"Injun Summer," an earlier era's celebration of autumn and childhood imagination, took on a life of its own — almost literally.
The famous cartoon first appeared on Sept. 30, 1907, on Page One, the answer to a looming deadline on a slow news day. John T. McCutcheon, inspired by a string of beautiful, warm autumn days and remembering his youth in Indiana, conjured up the illustration that became one of the most popular features in Tribune history.
The Tribune reprinted it in 1910, on page 4, in response to readers' requests, and then annually this time of year from 1912 to 1992.
As early as 1919, the "famous" cartoon had become a "much-loved" annual event, the Tribune said in promoting a high-quality print — "ready for framing" — that the newspaper included in an upcoming Sunday edition.
The cartoon wouldn't be contained to its annual appearance on newsprint.
The Indiana State Fair reproduced it as a feature exhibit in 1928. At the Century of Progress World's Fair in 1933-34 it was a life-size diorama and was reproduced in a fireworks display.
In 1920, the Indiana Society of Chicago presented a dramatized version of the work to honor McCutcheon. His son, John Jr., a future Tribune editorial page editor, played the boy. Neighborhood, school and social groups acted out "Injun Summer" scores of times, as recently as 1977. One of the biggest dramatizations involved 1,100 children performing it at Soldier Field in August 1941 as part of the Tribune-sponsored Chicagoland Music Festival. A very popular display with mannequins appeared every year at the Olson Rug Co.'s park on the Northwest Side. McCutcheon's original black-and-white drawing is in the collection of the Chicago History Museum.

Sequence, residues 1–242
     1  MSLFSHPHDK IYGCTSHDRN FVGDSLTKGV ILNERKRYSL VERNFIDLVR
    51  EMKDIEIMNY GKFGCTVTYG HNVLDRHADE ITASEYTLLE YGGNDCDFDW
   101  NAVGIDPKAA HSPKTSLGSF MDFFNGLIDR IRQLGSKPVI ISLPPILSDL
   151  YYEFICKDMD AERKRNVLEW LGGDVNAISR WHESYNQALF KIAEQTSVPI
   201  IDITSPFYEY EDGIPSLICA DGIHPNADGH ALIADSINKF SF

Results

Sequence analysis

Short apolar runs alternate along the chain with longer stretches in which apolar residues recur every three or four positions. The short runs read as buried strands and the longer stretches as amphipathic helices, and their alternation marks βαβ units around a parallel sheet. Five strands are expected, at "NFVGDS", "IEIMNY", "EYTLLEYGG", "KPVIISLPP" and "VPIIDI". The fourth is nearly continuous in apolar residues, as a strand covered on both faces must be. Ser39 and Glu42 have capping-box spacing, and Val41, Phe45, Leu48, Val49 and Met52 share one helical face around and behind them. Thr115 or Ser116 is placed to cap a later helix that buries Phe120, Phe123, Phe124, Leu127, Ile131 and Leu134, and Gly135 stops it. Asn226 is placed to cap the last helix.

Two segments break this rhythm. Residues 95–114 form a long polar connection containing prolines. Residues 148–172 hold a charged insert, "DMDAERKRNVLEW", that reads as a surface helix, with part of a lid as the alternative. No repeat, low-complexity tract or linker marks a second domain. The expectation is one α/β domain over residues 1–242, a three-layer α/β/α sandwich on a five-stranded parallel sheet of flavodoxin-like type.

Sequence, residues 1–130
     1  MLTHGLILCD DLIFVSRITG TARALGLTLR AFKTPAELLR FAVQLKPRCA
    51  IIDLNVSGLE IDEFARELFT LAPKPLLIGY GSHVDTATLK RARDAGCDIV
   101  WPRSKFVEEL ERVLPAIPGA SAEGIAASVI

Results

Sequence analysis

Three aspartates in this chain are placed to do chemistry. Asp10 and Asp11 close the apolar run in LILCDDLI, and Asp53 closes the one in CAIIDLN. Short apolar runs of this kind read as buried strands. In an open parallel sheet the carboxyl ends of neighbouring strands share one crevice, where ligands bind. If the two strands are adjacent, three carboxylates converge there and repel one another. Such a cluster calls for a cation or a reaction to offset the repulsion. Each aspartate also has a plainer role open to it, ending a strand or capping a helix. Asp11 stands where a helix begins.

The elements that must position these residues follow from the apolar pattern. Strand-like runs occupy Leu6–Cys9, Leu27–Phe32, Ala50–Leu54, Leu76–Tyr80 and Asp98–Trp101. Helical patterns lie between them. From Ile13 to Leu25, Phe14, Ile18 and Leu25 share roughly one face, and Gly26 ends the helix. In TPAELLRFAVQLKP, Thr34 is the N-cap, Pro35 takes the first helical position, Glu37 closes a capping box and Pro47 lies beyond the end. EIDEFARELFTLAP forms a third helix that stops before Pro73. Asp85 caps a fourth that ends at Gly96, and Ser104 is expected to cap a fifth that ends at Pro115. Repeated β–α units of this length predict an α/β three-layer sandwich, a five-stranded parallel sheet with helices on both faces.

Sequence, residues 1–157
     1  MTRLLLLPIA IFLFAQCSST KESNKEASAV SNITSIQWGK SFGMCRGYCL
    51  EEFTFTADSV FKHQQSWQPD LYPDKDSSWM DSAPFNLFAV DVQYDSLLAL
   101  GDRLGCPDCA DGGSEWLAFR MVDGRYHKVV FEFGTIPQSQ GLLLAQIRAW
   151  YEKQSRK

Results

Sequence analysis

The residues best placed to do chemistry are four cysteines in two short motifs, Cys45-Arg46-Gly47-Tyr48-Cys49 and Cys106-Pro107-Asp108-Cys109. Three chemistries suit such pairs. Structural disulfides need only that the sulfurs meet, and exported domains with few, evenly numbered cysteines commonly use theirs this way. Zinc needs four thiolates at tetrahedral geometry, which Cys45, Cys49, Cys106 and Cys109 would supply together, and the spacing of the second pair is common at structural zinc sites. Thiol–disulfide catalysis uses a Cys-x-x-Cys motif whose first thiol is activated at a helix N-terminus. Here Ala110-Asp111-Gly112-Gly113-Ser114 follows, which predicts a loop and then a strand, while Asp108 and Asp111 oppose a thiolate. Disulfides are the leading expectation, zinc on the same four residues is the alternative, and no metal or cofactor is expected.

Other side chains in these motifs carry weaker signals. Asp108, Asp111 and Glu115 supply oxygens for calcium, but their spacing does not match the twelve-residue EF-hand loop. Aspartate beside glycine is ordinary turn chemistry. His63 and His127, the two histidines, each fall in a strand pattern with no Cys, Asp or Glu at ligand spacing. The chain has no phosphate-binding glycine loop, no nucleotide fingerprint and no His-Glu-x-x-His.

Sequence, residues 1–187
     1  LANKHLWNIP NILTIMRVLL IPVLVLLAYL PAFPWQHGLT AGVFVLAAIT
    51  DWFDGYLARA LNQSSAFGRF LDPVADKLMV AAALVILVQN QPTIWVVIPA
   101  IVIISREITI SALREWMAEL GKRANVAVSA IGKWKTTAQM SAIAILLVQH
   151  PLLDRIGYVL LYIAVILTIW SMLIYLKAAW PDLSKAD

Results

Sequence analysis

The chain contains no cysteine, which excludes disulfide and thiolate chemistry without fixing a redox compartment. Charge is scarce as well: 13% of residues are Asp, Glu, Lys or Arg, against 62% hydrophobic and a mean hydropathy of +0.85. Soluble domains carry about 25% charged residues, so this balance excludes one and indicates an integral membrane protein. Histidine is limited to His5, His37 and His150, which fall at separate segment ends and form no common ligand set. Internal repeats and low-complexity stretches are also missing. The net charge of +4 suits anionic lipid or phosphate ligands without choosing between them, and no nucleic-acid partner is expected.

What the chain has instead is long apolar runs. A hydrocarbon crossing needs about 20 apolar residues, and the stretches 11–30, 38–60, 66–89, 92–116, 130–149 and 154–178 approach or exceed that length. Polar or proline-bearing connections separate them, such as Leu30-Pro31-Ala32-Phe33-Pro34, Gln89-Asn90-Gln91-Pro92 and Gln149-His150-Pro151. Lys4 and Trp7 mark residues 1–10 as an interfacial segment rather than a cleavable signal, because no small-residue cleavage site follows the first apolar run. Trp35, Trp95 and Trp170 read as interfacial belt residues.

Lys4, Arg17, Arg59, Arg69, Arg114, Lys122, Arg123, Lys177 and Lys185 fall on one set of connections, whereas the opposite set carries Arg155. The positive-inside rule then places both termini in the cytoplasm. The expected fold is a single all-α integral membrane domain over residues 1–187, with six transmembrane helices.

Over time the cartoon came to evoke anger as well as nostalgia. As early as 1970, readers wrote letters complaining that the Tribune was running an ethnically insensitive feature that misrepresented the brutal reality of Native American history in the United States in the 18th and 19th centuries. Letter writers also were unhappy with the idea that "they ain't no more left," pointing out that Indians still lived and worked in Chicago.
In the 1990s, Tribune editors decided to end the annual tradition. Douglas Kneeland, the Tribune's public editor at the time, said, "'Injun Summer' is out of joint with its times. It is literally a museum piece, a relic of another age. The farther we get from 1907, the less meaning it has for the current generation."
Still, the cartoon has a powerful hold over many Chicagoans. For generations of readers, "Injun Summer," despite its flaws, became synonymous with the magic and peacefulness of those last warm days of the season.
Just last week, the Tribune received another request to publish it.
EDITOR'S NOTE: Thanks to Tribune reader Jayne Cosgrove of Glenwood for the idea of exploring the history of "Injun Summer."